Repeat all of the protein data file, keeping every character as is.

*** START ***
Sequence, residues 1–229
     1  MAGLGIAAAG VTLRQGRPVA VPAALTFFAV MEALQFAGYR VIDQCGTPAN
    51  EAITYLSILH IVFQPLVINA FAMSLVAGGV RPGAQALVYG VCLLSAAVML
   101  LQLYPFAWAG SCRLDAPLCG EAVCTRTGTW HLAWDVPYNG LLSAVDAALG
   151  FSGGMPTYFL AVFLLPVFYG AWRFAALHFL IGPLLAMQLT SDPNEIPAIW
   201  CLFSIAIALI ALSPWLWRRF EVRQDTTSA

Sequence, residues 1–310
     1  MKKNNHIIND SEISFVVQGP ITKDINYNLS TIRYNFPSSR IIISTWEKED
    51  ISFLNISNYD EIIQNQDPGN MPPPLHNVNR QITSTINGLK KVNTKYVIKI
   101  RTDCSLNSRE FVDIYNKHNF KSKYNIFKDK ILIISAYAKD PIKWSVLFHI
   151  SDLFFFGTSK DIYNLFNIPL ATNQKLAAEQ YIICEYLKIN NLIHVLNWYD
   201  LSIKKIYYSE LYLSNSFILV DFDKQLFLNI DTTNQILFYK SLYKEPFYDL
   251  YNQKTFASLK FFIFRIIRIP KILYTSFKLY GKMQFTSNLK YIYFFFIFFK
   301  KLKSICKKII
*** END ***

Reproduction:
Sequence, residues 1–229
     1  MAGLGIAAAG VTLRQGRPVA VPAALTFFAV MEALQFAGYR VIDQCGTPAN
    51  EAITYLSILH IVFQPLVINA FAMSLVAGGV RPGAQALVYG VCLLSAAVML
   101  LQLYPFAWAG SCRLDAPLCG EAVCTRTGTW HLAWDVPYNG LLSAVDAALG
   151  FSGGMPTYFL AVFLLPVFYG AWRFAALHFL IGPLLAMQLT SDPNEIPAIW
   201  CLFSIAIALI ALSPWLWRRF EVRQDTTSA

Sequence, residues 1–310
     1  MKKNNHIIND SEISFVVQGP ITKDINYNLS TIRYNFPSSR IIISTWEKED
    51  ISFLNISNYD EIIQNQDPGN MPPPLHNVNR QITSTINGLK KVNTKYVIKI
   101  RTDCSLNSRE FVDIYNKHNF KSKYNIFKDK ILIISAYAKD PIKWSVLFHI
   151  SDLFFFGTSK DIYNLFNIPL ATNQKLAAEQ YIICEYLKIN NLIHVLNWYD
   201  LSIKKIYYSE LYLSNSFILV DFDKQLFLNI DTTNQILFYK SLYKEPFYDL
   251  YNQKTFASLK FFIFRIIRIP KILYTSFKLY GKMQFTSNLK YIYFFFIFFK
   301  KLKSICKKII